When I finally downloaded version 1 of the game a few weeks later, I was disappointed. I had actually believed the marketing hype. Playing RH1 felt more like completing a to-do list than having fun. The major spur towards my completing it was the release of version 2. Grudgingly, I became a Ribbon Hero in Word, Excel and PowerPoint, as attested by the screenshot below:

I successfully completed Ribbon Hero 1
I successfully completed Ribbon Hero 1

Ribbon Hero 2, Clippy’s Second Chance is an entirely different experience altogether! In RH2, players time-travel with the erstwhile office assistant as they complete challenges in Word, Excel, PowerPoint and OneNote, picking up random facts about the various eras visited. It feels more like a game, with levels being unlocked upon attaining a certain number of points. Another improvement was in the graphics: they are much nicer to look at in version 2. Overall, RH2 is a great improvement over version 1, not least in that the marketing hype of version 1 was actually fulfilled in version 2.

I successfully completed Ribbon Hero 2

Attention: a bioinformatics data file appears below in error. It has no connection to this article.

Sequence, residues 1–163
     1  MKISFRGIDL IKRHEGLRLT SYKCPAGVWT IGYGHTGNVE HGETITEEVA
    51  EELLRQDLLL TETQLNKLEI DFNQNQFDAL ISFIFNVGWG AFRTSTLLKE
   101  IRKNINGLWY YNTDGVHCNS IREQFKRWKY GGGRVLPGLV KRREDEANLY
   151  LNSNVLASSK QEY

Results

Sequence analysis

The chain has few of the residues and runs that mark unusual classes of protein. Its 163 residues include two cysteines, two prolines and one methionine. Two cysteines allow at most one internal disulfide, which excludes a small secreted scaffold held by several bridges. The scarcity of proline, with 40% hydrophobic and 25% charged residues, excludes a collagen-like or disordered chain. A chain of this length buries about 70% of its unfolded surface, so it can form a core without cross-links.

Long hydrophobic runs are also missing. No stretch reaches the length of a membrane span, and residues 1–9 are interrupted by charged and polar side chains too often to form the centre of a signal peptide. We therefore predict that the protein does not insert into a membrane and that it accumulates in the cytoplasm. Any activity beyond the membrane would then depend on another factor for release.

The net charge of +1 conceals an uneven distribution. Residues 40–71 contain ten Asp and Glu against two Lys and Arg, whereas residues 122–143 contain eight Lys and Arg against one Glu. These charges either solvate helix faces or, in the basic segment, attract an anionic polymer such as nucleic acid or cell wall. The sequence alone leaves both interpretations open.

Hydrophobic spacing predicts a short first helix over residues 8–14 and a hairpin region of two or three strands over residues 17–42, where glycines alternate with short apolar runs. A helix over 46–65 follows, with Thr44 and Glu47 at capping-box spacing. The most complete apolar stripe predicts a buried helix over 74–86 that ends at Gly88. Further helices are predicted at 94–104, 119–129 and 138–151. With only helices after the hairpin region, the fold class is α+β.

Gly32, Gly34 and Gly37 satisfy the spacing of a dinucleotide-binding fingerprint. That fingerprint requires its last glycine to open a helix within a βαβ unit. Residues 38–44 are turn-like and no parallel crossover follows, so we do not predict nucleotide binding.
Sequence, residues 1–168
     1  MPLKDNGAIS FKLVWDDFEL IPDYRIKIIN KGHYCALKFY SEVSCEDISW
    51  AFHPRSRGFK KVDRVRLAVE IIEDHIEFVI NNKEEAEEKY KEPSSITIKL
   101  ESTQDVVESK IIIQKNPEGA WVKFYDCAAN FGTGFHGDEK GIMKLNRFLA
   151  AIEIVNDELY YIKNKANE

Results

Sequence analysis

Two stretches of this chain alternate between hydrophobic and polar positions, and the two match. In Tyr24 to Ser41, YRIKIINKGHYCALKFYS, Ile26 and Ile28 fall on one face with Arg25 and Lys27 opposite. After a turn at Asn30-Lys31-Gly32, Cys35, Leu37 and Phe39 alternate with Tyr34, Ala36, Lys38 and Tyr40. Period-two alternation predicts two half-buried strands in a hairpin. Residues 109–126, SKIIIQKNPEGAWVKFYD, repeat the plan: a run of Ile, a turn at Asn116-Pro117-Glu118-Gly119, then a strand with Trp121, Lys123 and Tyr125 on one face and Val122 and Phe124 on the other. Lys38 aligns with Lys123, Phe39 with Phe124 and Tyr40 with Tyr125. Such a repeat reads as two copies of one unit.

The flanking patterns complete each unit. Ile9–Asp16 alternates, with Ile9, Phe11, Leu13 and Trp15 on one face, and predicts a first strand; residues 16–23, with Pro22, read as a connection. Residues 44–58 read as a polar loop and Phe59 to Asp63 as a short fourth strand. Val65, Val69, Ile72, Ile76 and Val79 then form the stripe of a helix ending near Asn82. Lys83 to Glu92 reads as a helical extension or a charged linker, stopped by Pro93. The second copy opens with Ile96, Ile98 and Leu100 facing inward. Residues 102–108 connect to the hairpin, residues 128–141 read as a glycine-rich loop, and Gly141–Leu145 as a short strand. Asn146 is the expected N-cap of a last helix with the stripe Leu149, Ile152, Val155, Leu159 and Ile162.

I successfully completed Ribbon Hero 2

In the summary of my performance above, you can see that I used hints on one of the Ancient Greece challenges—an orange circle is missing.  I didn’t have to complete all the challenges (blank circles) because I already had the 50,000 points I needed to complete the game. I also racked up 392 bonus points. These are awarded for using functions such as text formatting (bold, italics, using the format painter, applying header styles, etc) in the course of normal use of an Office program. I clearly recall getting points for my 20th and 50th format style (it kept count across sessions), and for inserting a page break—the program would freeze for a second or two at those moments. The ways of gaining bonus points are hidden, so I’m sure many more can be found.

So, if you have Office 2007 or Office 2010, do try out Ribbon Hero. Now if you’ll excuse me, I have some thieving pigs to deal with.